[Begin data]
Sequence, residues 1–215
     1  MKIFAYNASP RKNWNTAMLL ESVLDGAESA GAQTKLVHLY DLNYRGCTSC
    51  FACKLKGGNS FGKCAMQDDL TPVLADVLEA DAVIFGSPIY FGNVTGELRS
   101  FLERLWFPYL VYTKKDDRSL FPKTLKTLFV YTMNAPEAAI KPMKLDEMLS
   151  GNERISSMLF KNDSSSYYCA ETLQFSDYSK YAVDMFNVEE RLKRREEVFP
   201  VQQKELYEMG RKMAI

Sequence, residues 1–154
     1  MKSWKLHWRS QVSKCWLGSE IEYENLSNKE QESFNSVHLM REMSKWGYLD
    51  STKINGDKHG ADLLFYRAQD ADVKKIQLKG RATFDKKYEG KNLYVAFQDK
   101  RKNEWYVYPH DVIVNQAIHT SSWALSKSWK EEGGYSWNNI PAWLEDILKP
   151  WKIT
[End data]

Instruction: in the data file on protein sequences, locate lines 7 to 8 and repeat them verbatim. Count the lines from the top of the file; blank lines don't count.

Sequence, residues 1–154
     1  MKSWKLHWRS QVSKCWLGSE IEYENLSNKE QESFNSVHLM REMSKWGYLD